October 23, 2015 / 4 Comments

Yeah, That’s True, Except…

            Okay, this is late.  A week and a day.  Do you want excuses?  I was away at New York Comic Con and then came home to layouts I needed to go over, on top of all the things I just needed to get caught up on. 
            So, that ate up some time.  Sorry.
            Anyway, I’ve mentioned this idea before, but a few recent blog posts and comments I’ve seen made me want to bring it up again.  If we’re going to talk about writing, we need to agree that any such discussion is going to get broken down into either rules or advice.  Or drinking, but that’s not relevant right now.
            Right now, I’d like to talk about the rules.
            Rules are things that all of us, as writers, have to learn.  No questions.  I need to learn what words mean and how to spell them.  I must have a firm understanding of grammar.  A solid grasp of structure is required.  Characters have to hit certain benchmarks. You may notice these things come up again and again when discussing good writing.  There’s a reason for that, and it’s not that professional writers and publishers and editors are all jerks.  Learning the rules means study and practice and failure and more study and more practice and more failure. 
            Why do I bring this up?
            See, I brought up the rules because they’re a good lead in to what I actually wanted to talk about.  Exceptions.  Those cases where the rules don’t apply. Some people love exceptions.  They approach them two different ways, but usually to get the same result.
            Allow me to explain.
            The thing about rules, as so many people have said, is that I have to learn them so I can understand when and where and how to break them.  Because all the rules are breakable.  Never doubt that.  Pick any rule I mention above, or any other rule I’ve ever blabbered on about here.  Mention it in the comments and I’m sure some of the other folks here can give a dozen examples
            Now, some folks think if the rules can be broken anyway, well, why should I bother learning them?  Richard Matheson and Daniel Keyes wrote stories with lots of spelling mistakes. Cormac McCarthy and Peter Stenson don’t use much punctuation.  If they don’t need to do all this, why should I bother learning it?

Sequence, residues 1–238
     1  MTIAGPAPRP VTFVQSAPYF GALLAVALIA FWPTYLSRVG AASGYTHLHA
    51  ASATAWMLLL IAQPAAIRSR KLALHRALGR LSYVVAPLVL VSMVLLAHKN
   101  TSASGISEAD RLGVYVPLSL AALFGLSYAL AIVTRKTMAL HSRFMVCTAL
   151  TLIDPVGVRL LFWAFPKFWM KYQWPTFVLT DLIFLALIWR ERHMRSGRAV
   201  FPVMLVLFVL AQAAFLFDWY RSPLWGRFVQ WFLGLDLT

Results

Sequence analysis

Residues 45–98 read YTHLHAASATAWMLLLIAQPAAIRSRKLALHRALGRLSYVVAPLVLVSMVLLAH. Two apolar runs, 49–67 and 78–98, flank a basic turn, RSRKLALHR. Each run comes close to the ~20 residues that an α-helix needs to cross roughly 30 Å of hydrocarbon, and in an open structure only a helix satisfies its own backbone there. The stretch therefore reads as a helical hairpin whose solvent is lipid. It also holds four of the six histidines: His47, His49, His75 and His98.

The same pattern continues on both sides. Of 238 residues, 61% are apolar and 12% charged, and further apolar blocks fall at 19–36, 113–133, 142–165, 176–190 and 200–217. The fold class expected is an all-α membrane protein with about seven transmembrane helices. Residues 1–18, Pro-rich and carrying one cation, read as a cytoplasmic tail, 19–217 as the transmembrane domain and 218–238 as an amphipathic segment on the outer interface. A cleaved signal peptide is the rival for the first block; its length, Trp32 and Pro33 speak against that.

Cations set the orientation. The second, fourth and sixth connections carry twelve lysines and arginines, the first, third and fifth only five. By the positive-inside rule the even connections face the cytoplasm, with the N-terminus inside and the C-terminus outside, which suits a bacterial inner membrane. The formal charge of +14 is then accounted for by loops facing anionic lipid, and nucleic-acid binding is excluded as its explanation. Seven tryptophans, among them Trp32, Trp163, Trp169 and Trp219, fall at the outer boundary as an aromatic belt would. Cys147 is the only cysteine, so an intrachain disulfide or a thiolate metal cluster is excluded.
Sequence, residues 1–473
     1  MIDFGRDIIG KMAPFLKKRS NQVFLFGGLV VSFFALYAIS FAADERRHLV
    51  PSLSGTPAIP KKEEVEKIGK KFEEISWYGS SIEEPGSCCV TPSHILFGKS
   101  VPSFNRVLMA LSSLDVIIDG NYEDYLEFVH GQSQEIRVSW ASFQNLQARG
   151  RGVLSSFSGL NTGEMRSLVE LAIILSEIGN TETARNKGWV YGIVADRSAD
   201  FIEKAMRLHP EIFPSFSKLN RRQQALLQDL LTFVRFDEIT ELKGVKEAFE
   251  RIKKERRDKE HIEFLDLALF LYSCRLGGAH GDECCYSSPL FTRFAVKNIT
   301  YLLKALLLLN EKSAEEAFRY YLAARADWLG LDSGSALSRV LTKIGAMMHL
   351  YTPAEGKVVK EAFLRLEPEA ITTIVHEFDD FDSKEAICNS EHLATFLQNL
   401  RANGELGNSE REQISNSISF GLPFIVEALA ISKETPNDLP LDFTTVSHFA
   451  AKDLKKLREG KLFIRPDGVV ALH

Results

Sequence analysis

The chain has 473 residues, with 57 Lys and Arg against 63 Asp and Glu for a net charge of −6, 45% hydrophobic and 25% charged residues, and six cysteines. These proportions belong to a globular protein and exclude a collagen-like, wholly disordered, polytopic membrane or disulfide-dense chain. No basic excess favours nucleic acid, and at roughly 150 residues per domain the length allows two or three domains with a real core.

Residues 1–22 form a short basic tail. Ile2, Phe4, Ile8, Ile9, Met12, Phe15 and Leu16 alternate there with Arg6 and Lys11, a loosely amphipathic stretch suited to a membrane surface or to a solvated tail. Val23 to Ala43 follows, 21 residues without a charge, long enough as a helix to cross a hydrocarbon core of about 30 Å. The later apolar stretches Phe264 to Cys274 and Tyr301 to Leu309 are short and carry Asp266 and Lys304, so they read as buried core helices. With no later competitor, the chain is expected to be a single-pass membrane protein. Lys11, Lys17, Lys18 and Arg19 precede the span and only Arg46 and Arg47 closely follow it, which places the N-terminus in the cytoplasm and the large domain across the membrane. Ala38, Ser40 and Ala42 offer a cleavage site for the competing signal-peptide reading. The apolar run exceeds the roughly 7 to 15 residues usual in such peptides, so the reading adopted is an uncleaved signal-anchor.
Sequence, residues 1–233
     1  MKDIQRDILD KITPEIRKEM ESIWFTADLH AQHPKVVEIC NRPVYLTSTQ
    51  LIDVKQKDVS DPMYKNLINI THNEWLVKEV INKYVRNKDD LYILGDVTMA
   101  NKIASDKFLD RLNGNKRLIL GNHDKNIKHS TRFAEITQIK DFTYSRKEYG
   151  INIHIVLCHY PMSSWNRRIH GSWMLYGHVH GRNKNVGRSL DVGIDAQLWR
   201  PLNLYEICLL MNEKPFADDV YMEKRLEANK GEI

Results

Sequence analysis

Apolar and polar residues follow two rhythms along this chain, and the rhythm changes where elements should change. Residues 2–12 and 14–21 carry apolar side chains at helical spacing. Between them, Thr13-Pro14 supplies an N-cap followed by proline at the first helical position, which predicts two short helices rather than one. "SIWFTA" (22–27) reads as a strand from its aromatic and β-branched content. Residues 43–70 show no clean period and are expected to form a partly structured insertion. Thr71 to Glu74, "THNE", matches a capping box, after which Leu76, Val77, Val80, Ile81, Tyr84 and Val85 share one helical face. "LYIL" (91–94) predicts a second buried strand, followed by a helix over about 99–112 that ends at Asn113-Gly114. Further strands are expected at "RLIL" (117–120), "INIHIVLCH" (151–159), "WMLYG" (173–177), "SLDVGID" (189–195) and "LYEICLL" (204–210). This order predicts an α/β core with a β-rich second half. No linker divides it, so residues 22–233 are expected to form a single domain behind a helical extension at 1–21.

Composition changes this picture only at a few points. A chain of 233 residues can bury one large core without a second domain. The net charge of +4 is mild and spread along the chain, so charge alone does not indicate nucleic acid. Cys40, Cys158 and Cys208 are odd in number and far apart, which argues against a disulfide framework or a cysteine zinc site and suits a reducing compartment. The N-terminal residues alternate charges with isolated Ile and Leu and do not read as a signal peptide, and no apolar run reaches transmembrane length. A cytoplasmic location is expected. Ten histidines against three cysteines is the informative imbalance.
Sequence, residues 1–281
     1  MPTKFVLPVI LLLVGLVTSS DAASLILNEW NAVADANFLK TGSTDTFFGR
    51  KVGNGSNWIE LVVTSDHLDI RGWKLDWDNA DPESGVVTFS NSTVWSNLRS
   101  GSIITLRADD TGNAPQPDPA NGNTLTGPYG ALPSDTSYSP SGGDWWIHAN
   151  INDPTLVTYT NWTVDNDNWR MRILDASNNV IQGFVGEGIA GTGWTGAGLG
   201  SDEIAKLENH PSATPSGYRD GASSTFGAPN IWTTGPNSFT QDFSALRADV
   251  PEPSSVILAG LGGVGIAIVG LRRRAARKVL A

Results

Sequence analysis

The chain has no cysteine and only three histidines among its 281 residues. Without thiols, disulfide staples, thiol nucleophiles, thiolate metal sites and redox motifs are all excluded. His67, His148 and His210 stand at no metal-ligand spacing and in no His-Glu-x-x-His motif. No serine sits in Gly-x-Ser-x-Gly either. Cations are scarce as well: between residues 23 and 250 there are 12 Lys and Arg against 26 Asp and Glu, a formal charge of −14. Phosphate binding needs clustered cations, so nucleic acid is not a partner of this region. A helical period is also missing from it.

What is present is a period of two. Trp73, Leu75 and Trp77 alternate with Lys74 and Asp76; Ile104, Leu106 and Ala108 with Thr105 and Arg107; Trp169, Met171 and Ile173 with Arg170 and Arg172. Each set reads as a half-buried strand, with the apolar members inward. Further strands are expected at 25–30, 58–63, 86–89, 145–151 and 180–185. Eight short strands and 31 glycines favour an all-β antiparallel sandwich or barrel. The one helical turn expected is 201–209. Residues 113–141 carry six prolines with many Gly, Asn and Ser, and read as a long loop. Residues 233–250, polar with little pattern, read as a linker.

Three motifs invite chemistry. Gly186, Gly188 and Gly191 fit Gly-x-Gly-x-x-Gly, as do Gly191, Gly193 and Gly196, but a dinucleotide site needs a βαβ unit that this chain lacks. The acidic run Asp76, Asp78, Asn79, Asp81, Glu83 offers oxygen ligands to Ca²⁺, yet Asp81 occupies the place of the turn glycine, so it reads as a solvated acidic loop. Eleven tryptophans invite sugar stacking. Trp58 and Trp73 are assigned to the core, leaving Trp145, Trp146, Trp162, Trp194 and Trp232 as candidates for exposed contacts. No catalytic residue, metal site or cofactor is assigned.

Y’see, this mentality means I’m looking at the exceptions, not at the rule.  Yeah, I can point to a handful of stories that break the rules, but I can also point to tens of thousands that don’t.  More importantly, I can point to hundreds of thousands that broke them and were rejected for it.
            Here’s another way to think of this.  Driving a car means following the speed limit.  The exact numbers vary from state-to state, but we all acknowledge that driving in a school zone requires that I travel at a certain speed. So does going through a residential area or traveling on a freeway.  Makes sense, yes?
            An experienced driver knows there are situations where I can flex those rules, though.  There are times I can go a little faster through school zones or residential areas and not worry about it.  In all honesty, I’ve driven over seventy on the highway next to a police officer and only gotten a raised eyebrow.  A lot of you probably have similar stories.
            And yet… none of us are assuming traffic laws and speed limits no longer apply to us.  We just know how to work within the framework of the laws and when we can step outside of it.  We know the rules and we know how and when to break them.
            Contrast that with the guy who goes roaring through a residential area at 70mph in the middle of the day… and then gets annoyed with the officer who pulls him over.  He’s assuming he’s the exception.  He’s doing the same thing I did, but… he’s really not, is he?